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Trump tax plan slashing business rates to test support in U.S. Congress

By Amanda Becker

WASHINGTON, April 26 (Reuters) - U.S. President Donald Trump will release a tax plan on Wednesday proposing some deep rate cuts, mostly for businesses, including a slashed corporate income tax rate and steeply discounted tax rate for overseas corporate profits brought into the United States, officials said.

Trump intends for his broad blueprint, which will fall short of the kind of comprehensive tax reform that Republicans have long discussed, to be a guidepost for lawmakers in the U.S. House of Representatives and Senate.

"We're driving this a little bit more," a senior White House official told a group of reporters late on Tuesday.

The plan is not expected by analysts to include any proposals for raising new revenue, potentially adding billions of dollars to the federal deficit.

Treasury Secretary Steve Mnuchin has been leading the Trump administration's effort to craft a tax package that can win support in Congress.

Though the U.S. House of Representatives and Senate are both controlled by the Republican Party, some aspects of Trump's proposals could be a difficult sell, including to some fiscal hawks in his own party.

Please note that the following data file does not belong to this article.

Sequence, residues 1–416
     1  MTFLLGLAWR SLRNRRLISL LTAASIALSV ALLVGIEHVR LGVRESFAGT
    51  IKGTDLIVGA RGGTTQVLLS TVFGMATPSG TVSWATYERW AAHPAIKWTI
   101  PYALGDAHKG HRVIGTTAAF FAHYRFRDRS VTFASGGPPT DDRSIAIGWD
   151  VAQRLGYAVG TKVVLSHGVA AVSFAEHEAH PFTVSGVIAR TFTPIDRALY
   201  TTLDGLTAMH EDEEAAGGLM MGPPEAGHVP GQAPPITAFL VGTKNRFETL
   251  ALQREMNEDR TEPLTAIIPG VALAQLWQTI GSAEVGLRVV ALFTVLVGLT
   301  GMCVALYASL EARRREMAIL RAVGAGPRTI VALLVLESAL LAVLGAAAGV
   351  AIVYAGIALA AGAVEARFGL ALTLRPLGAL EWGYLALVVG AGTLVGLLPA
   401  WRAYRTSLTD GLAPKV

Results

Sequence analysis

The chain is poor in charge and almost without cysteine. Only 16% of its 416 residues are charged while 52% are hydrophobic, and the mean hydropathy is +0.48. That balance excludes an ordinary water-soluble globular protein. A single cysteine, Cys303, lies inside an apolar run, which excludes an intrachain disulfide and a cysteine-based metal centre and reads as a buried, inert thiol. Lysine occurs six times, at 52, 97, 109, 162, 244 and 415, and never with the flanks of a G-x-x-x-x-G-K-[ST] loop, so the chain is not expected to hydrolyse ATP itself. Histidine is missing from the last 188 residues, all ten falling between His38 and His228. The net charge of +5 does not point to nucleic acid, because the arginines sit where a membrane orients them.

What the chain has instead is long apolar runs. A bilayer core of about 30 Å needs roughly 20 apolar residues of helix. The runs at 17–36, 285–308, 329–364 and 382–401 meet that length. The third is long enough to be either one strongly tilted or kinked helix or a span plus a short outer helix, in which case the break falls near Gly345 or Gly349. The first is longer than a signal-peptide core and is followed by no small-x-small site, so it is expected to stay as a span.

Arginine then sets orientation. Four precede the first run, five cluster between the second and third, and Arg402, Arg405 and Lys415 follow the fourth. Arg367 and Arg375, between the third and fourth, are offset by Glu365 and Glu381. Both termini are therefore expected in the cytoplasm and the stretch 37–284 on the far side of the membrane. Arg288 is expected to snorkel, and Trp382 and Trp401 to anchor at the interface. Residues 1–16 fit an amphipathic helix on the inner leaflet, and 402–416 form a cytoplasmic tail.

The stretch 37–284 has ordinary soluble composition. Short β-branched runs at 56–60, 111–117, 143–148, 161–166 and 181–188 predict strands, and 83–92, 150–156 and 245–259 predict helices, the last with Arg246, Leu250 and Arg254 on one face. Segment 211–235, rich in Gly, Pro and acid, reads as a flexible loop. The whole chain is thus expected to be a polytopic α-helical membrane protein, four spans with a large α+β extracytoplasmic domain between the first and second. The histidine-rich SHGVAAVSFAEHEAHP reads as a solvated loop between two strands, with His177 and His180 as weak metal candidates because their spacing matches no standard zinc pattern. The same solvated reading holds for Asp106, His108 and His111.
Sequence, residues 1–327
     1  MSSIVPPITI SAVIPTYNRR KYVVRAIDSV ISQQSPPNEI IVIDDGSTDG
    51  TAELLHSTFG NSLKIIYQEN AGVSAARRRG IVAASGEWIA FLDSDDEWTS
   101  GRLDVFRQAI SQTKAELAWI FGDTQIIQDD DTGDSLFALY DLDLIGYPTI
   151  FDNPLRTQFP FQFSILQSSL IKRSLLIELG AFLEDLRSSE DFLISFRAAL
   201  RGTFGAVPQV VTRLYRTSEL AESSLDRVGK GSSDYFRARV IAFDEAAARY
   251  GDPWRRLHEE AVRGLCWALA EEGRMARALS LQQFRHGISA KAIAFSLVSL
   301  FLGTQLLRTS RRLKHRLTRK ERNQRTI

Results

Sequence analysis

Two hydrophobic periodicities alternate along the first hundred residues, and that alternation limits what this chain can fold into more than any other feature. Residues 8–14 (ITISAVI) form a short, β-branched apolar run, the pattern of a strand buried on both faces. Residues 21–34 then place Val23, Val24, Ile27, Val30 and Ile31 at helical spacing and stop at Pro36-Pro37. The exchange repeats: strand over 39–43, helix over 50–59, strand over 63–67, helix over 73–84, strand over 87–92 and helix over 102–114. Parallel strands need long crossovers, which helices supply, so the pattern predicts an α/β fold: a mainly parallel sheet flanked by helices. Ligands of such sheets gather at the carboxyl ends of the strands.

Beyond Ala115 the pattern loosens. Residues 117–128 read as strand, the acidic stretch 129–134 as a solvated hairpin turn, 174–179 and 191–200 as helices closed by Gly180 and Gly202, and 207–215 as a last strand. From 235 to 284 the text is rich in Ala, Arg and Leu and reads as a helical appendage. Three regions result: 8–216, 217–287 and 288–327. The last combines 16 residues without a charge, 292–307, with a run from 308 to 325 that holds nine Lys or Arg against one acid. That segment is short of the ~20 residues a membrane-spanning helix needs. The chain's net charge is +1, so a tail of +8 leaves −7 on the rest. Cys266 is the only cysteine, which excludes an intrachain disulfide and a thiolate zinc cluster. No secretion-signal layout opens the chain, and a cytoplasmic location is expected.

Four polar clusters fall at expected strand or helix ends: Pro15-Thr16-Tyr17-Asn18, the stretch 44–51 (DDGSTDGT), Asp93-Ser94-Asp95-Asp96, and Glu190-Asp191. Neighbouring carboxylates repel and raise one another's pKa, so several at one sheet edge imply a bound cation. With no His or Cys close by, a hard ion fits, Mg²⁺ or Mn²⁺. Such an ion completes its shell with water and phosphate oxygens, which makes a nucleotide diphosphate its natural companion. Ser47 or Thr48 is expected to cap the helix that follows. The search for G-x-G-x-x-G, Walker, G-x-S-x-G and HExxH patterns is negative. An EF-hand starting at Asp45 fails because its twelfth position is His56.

Trump's plan will cut the income tax rate paid by public corporations to 15 percent from 35 percent and sharply cut the top tax rate by pass-through businesses, including many small business partnerships and sole proprietorships, to 15 percent from 39.6 percent, an official said.

Trump will also propose a repatriation tax on offshore earnings along the lines of his campaign proposal for a 10 percent levy, versus the 35 percent due on repatriated foreign profits under present law, the official said.

Trump's proposal will not include a controversial "border-adjustment" tax on imports that was in earlier proposals floated by House Republicans as a way to offset revenue losses resulting from tax cuts.

Mnuchin has said the cuts will pay for themselves by generating more economic growth, but fiscal hawks, potentially some in Trump’s own Republican Party, along with Democrats are certain to question these claims.

Whether Trump will include provisions that could attract Democratic votes, such as a proposal to fund infrastructure spending or a child-care tax credit as proposed by his daughter Ivanka, is still the subject of speculation.

The senior white house official said Trump would like to see Congress pass tax reform by the middle of autumn.

The last overhaul of the U.S. tax code was in 1986 during the administration of former President Ronald Reagan, a Republican. (Additional reporting by Steve Holland; Editing by Simon Cameron-Moore)